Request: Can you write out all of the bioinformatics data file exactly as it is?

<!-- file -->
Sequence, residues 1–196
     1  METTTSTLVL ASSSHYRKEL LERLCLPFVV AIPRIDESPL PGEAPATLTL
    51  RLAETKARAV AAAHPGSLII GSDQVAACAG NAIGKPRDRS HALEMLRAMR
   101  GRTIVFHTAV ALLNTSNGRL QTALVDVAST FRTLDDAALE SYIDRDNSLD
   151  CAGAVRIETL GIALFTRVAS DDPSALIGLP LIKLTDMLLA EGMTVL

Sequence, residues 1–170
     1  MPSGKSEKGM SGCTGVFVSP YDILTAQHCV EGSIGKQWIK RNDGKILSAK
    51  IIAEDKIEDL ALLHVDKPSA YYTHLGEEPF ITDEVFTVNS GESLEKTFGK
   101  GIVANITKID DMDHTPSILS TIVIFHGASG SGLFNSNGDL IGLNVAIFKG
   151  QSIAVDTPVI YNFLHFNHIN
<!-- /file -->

Sequence, residues 1–196
     1  METTTSTLVL ASSSHYRKEL LERLCLPFVV AIPRIDESPL PGEAPATLTL
    51  RLAETKARAV AAAHPGSLII GSDQVAACAG NAIGKPRDRS HALEMLRAMR
   101  GRTIVFHTAV ALLNTSNGRL QTALVDVAST FRTLDDAALE SYIDRDNSLD
   151  CAGAVRIETL GIALFTRVAS DDPSALIGLP LIKLTDMLLA EGMTVL

Sequence, residues 1–170
     1  MPSGKSEKGM SGCTGVFVSP YDILTAQHCV EGSIGKQWIK RNDGKILSAK
    51  IIAEDKIEDL ALLHVDKPSA YYTHLGEEPF ITDEVFTVNS GESLEKTFGK
   101  GIVANITKID DMDHTPSILS TIVIFHGASG SGLFNSNGDL IGLNVAIFKG
   151  QSIAVDTPVI YNFLHFNHIN